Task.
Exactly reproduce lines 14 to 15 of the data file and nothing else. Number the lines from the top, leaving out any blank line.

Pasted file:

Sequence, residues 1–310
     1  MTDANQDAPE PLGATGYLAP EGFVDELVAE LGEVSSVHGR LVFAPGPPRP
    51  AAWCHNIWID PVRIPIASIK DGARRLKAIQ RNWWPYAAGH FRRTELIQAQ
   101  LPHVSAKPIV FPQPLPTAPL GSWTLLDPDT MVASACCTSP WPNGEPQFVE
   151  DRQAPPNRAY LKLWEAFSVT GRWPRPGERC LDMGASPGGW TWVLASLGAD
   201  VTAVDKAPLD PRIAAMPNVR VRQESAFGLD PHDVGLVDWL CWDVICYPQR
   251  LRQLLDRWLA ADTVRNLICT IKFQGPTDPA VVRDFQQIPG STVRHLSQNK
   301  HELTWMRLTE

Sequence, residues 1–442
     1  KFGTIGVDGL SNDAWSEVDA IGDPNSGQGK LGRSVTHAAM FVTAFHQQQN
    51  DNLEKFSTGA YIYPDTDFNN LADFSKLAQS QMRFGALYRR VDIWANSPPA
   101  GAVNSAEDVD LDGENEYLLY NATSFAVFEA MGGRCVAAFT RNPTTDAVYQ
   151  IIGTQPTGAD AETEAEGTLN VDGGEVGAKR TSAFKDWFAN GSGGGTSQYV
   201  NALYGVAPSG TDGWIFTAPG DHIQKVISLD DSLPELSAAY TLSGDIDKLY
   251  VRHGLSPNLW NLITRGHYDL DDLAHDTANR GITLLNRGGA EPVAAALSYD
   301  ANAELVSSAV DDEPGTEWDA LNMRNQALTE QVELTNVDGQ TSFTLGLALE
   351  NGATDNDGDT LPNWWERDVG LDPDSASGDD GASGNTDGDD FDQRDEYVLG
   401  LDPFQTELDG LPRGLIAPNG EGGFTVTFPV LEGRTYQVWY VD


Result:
   201  NALYGVAPSG TDGWIFTAPG DHIQKVISLD DSLPELSAAY TLSGDIDKLY
   251  VRHGLSPNLW NLITRGHYDL DDLAHDTANR GITLLNRGGA EPVAAALSYD